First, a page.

“We’ve dealt with quite a lot of stuff about this,” he said.

“I know,” I said. “I feel bad about it.”

“It’s just a little alarming that you would come in here and talk about Pizzagate.”

“I’m sorry,” I said, sincerely, but reminded him that I was also a customer.

“I know that,” he said. “I would like you to stay a customer.”

He disappeared, and I continued to chat with my new friends.
Dude, people almost got killed over Pizzagate at Comet Ping Pong. Have some sympathy for waitstaff who are -- quite reasonably -- trying to prevent a mass shooting.

This is awful. The antidote to all those respectful Trump Country stories shouldn't be a contemptuous -- and demographically inaccurate -- Clinton Country story.


UPDATE: Yastreblyansky digs deeper.

Thursday, March 29, 2018


The Huffington Post's Ryan Reilly reports that a group of men accused of plotting to murder Somali refugees in Kansas are using the Fox News defense:
Curtis Allen, Patrick Stein and Gavin Wright are on trial in connection with their arrest in a FBI domestic terrorism sting just weeks before the 2016 election. Their defense attorneys, in turn, are putting the FBI on trial ― accusing the nation’s premier law enforcement agency of improperly targeting the three men due to their conservative ideology....

In opening arguments before a nearly all-white jury, defense attorneys argued that their clients were unfairly targeted by a biased FBI. Richard Federico, a federal public defender who previously represented Guantanamo detainees when he was a JAG Corps officer, skillfully weaved a narrative for jurors suggesting his client was a victim of a government conspiracy.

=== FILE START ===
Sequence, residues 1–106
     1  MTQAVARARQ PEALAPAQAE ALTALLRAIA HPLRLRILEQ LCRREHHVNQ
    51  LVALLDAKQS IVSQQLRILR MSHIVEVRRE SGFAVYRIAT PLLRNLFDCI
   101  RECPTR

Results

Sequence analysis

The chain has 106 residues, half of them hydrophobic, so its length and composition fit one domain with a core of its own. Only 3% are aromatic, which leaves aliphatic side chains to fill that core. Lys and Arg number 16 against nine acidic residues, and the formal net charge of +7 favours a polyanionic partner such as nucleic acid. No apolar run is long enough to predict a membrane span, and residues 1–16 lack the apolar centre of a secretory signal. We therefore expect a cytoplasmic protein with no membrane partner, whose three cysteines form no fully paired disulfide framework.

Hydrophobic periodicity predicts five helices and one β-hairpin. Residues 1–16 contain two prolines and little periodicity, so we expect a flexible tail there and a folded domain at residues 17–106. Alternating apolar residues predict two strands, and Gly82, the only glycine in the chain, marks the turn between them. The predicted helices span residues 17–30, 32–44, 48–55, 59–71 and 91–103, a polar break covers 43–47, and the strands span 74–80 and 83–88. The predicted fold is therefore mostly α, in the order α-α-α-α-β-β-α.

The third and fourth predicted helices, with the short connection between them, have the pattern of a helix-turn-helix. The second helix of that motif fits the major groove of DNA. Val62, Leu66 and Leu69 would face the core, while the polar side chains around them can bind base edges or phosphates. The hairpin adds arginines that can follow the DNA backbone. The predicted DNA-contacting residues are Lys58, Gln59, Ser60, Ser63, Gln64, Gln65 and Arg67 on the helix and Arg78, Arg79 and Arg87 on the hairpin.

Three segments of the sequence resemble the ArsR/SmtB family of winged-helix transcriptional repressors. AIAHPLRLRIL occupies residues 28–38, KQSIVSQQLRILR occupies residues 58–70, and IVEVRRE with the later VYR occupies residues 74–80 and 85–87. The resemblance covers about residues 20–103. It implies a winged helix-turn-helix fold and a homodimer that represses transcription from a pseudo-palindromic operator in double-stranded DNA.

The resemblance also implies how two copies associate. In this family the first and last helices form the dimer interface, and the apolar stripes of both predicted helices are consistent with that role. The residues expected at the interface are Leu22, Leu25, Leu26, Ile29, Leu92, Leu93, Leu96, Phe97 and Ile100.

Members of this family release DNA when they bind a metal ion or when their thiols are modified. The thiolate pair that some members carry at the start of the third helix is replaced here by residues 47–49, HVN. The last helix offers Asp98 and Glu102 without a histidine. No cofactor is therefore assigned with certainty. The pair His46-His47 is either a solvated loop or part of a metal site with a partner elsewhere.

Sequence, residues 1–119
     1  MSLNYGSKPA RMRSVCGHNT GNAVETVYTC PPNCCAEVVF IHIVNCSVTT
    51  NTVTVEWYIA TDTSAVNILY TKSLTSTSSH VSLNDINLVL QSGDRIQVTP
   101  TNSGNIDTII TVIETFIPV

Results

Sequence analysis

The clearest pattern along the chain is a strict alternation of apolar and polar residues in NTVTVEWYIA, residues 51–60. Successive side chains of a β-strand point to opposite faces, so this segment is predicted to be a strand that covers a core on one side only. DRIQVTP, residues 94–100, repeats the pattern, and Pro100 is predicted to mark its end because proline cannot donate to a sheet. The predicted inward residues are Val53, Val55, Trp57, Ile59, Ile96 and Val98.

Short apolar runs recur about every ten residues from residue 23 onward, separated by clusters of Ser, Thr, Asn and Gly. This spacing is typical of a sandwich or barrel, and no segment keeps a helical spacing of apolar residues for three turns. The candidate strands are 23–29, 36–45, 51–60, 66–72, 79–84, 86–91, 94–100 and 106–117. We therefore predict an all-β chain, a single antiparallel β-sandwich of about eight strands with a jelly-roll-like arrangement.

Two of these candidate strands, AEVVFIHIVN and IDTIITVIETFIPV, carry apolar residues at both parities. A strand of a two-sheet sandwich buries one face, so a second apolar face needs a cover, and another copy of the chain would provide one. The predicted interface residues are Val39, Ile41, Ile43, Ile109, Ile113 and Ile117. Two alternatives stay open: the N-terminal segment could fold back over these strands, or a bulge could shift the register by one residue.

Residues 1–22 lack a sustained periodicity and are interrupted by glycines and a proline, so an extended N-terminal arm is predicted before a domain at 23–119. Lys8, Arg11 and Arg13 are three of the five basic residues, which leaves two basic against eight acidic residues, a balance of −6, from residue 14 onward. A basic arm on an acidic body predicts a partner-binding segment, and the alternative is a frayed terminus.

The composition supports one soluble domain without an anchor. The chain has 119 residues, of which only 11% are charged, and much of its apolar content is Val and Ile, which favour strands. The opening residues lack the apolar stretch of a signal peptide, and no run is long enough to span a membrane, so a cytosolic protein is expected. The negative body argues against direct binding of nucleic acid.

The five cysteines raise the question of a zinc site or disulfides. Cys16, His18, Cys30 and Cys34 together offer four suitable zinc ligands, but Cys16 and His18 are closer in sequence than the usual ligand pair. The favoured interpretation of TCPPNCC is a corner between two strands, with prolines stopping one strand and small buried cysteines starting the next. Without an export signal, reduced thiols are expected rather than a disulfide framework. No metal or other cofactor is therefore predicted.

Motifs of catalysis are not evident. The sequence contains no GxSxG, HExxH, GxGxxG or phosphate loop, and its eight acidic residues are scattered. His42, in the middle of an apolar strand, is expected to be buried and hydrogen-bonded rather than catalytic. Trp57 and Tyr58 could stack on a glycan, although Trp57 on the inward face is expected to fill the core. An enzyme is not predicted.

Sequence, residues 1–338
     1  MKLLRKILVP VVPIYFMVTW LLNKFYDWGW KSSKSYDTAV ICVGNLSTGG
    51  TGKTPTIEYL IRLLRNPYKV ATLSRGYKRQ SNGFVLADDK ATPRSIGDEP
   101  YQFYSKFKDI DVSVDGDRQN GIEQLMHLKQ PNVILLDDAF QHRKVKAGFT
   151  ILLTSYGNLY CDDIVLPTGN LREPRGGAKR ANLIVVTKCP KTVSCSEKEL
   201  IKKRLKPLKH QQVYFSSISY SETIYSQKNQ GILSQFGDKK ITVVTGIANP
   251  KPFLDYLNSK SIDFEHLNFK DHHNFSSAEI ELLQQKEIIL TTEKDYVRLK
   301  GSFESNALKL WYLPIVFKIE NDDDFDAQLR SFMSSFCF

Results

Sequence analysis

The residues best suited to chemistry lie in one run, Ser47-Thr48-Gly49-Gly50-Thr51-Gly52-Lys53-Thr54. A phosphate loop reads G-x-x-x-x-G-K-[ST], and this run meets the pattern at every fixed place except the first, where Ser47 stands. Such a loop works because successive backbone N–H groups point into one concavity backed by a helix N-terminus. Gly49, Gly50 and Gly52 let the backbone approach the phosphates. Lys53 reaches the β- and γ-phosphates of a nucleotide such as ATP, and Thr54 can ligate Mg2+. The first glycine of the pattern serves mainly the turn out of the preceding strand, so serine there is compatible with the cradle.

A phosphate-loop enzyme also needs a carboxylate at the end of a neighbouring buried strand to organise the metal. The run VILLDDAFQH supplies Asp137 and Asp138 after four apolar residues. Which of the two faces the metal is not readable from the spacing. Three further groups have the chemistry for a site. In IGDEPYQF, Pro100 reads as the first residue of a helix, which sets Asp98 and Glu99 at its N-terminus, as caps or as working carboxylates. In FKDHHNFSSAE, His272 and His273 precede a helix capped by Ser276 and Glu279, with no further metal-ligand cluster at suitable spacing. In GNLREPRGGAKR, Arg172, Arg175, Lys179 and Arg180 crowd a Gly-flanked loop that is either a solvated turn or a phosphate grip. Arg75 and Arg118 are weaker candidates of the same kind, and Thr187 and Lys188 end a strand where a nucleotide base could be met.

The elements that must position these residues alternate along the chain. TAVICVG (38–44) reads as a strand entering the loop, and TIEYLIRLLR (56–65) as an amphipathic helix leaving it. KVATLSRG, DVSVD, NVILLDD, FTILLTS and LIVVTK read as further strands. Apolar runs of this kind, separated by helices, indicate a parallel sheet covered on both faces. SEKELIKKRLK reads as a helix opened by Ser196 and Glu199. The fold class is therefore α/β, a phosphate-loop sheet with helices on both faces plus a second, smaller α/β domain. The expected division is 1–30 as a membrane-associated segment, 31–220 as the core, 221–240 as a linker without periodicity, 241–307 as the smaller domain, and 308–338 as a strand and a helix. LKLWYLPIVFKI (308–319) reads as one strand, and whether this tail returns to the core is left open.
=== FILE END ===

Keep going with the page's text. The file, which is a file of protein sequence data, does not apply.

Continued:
Federico said it was the FBI that plotted and conspired and targeted the defendants, hoping to make an example of them because of their political beliefs.

“Curtis Allen sits before you today because of what he thought, because of what he said, and because of who he associated with,” Federico said.

In a turn of phrase reminiscent of Trump, Federico said the defendants’ discussion of killing Muslim “cockroaches” amounted to “locker room talk.
The voir dire suggests that quite a few people in the jury pool respond to this argument:
One potential juror expressed concerns about honesty and corruption at the top levels of the FBI. Another in the jury pool had concerns about former FBI Director James Comey and former Deputy Director Andrew McCabe ― both Republicans ― and said he personally questioned the stability and integrity of the organization. A third person said he thinks many Americans are concerned about the decisions being made at the top of the FBI, and a fourth potential juror said he’d grown up wanting to be an FBI agent, but he now believes top bureau officials have engaged in wrongdoing. Yet another potential juror, a concealed carry supporter, said he held a negative view of the FBI due to recent events.
Reilly writes, "No prominent FBI detractors during jury selection made it into the final jury." But we don't whether any of the actual jurors share these beliefs but chose not to express them. If you wanted to be picked for this jury and you share these views, you'd probably keep quiet about them. Beyond that, I'm sure at least some of the jurors are conspiracy-curious, or at least suggestible. They may easily fall for this narrative.